Rooted Review: Jessica Thompson’s How to Help Your Anxious Teen
This doesn’t happen very often, but I was only a chapter into Jessica Thompson’s latest book How to Help Your Anxious Teen when I knew I would call it a “must-read” for both parents and youth pastors. It’s that good.
I will confess up front that I am a fan of Jessica and of her work. She combines a deep love of Jesus with solid, boots-on-the ground theology, and the life experience of being a mother of three (two teens and one young adult). She’s also realistic, practical, and witty, which is what helps make this book about anxiety – which adult readers will likely come to with at least some anxiety of their own – so full of hope and reassurance in the gospel.
Thompson breaks down the external sources of teen anxiety into three primary sources: the culture, the church, and parents. In the chapters on culture, she examines the pressure to perform in sports, academics, and social activism. Her discussion of social activism is particularly insightful; this generation of teens has a beautiful heart to change the world for good, but when that desire is turned into yet another avenue to prove self-worth, social justice issues become a source of anxiety for overloaded teenagers. When these pressures come alongside the distorting effects of social media and our disdain for being simply “normal,” our kids develop unrealistic and unhealthy ideas about what their lives ought to look like.
In the second section of the book Thompson discusses what the church does to contribute to the anxiety of teens. In a nutshell, what she describes is a failure to teach kids the heart of the Gospel: Jesus came to save us because we cannot save ourselves. Somehow the message in many churches still remains: “do big things for God” and “be a good Christian.” Nothing could be more anxiety-producing than to ask teenagers (or any human beings) to do the impossible and then tell them their eternal future depended on it. This section does an excellent job of describing what a gospel-centered youth ministry would teach its students.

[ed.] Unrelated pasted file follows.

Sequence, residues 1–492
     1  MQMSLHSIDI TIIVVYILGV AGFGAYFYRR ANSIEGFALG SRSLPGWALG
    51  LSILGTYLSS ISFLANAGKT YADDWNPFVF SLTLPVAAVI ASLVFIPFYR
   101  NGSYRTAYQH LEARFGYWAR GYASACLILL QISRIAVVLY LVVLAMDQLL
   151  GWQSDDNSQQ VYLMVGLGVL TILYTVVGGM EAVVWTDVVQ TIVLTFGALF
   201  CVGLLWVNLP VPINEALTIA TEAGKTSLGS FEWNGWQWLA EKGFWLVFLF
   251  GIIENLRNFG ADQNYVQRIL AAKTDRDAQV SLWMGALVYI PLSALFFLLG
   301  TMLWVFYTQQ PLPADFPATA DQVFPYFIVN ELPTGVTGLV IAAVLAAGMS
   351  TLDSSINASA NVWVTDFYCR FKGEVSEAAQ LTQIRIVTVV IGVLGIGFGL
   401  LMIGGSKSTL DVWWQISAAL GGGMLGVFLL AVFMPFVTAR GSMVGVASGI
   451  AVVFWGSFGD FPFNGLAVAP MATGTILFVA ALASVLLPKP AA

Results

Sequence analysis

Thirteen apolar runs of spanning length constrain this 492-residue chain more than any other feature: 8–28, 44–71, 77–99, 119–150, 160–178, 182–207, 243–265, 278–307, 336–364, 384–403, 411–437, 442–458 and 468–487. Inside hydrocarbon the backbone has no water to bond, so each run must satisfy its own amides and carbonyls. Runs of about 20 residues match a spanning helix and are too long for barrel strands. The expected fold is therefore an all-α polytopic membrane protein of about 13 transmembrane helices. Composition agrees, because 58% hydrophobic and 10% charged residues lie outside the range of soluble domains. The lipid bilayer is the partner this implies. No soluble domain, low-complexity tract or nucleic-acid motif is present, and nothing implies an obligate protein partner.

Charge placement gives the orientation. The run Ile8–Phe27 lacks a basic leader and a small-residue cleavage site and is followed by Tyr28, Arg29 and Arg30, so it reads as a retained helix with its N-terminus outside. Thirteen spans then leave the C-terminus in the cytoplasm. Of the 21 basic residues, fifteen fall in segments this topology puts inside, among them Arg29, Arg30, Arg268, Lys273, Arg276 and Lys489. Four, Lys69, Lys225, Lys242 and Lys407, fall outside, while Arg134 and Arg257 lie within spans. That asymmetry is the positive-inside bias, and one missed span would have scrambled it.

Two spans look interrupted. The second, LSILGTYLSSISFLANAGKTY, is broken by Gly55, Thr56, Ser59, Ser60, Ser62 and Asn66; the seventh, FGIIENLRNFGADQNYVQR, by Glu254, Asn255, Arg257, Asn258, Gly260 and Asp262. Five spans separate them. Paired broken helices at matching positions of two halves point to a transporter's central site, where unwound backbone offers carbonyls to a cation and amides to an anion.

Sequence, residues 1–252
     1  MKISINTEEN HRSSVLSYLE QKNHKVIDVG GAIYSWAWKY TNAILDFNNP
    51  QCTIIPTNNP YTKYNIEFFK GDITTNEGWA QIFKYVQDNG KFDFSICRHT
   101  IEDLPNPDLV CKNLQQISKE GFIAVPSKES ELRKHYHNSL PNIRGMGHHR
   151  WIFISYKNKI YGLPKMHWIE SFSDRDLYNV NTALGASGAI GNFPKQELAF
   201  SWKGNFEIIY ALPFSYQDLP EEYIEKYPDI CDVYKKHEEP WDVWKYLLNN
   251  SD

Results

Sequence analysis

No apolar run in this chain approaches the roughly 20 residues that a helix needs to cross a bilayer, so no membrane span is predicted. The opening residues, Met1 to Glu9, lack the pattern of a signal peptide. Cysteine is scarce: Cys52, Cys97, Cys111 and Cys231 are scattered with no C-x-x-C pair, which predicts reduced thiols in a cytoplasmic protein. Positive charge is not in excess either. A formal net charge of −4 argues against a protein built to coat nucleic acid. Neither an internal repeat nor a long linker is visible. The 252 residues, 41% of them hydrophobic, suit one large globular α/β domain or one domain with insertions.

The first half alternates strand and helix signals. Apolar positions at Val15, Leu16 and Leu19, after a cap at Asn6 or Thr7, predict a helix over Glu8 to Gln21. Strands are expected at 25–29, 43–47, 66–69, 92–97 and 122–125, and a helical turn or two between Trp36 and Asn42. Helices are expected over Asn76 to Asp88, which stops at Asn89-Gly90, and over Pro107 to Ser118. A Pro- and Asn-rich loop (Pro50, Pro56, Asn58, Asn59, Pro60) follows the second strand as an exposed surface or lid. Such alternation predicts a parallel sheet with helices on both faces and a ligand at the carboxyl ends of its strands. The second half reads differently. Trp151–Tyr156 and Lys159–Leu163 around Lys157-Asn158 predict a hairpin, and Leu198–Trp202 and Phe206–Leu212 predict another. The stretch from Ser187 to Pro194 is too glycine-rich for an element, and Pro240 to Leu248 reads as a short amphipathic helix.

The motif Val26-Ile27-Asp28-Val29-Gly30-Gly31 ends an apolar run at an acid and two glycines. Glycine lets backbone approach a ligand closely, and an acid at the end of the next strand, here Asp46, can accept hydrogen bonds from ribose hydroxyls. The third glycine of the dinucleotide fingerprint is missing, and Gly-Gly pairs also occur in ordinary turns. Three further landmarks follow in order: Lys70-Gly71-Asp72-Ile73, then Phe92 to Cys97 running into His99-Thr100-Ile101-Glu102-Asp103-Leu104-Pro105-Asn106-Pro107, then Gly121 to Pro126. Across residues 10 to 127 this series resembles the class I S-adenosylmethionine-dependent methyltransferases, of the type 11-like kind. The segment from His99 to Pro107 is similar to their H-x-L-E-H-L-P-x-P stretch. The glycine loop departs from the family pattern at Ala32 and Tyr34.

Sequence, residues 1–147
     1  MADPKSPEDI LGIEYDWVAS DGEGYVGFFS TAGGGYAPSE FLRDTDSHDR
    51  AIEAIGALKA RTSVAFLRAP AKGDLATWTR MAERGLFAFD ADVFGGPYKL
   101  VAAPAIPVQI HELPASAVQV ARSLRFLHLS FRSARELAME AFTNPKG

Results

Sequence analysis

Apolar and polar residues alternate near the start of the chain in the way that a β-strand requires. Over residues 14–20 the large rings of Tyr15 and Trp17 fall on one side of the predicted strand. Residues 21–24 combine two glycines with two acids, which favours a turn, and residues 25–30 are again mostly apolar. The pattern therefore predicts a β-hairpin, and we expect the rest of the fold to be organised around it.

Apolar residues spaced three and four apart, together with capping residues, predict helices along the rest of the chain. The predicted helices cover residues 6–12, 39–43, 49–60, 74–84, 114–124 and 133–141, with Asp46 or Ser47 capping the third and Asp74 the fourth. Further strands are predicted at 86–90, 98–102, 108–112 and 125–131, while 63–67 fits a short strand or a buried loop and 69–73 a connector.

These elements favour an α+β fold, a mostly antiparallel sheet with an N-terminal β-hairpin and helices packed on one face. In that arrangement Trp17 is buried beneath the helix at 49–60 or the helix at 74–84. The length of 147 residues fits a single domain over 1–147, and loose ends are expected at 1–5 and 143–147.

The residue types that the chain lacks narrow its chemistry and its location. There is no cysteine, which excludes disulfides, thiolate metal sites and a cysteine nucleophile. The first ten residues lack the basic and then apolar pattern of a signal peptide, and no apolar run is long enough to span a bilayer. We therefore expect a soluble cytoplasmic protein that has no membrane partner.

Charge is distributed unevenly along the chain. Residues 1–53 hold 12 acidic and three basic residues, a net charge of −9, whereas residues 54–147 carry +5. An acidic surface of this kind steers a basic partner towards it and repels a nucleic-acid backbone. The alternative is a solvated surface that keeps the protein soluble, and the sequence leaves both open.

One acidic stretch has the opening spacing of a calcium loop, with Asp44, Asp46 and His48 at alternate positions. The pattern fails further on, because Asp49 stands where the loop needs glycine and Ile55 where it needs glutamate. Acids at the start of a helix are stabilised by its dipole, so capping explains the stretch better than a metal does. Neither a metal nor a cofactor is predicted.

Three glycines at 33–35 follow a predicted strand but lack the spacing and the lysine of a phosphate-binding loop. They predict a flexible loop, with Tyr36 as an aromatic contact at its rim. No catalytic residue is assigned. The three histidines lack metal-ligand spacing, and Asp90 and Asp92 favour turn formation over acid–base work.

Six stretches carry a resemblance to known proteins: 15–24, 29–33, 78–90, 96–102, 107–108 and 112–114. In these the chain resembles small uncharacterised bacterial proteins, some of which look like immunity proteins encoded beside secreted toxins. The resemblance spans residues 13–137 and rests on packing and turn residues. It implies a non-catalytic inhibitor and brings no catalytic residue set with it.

The third section of the book is a provocative yet grace-filled examination of how parents contribute to their kids’ anxiety. She challenges parents to trust God instead of helicoptering around their kids, to love our kids instead of using them to bolster our own self-image, and to stop trying to be BFFs with our sixteen-year-olds. At the same time, Thompson ministers to the anxious hearts of mom and dad, inviting them to savor their own belovedness, to relax and rest in Christ as they parent.
In a fourth and final section Thompson focuses on the internal issues that plague every anxious human heart: specifically, the ways we chase self-esteem and seek the approval of others, rather than finding our identity and worth in the loving gaze of Jesus. She shares snippets from a variety of devotionals that have helped her trust Christ, who is ultimately the only one who has an answer for our anxiety.
Thompson does what she sets out to do: give the reader “a good word to make your heart glad instead of just the reasons anxiety weighs down the heart…”(p. 132). At every turn, that “good word” comes straight from Scripture, as she teaches us to minster the gospel to the anxious teens we love.
Check out our review of Mom, Dad, What’s Sex, which Jessica wrote with her brother Joel Fitzpatrick, and our podcastabout the book here. You will also enjoy Jessica’s plenary from our San Diego conference and her podcast conversationwith Kristen Hatton and Cameron Cole.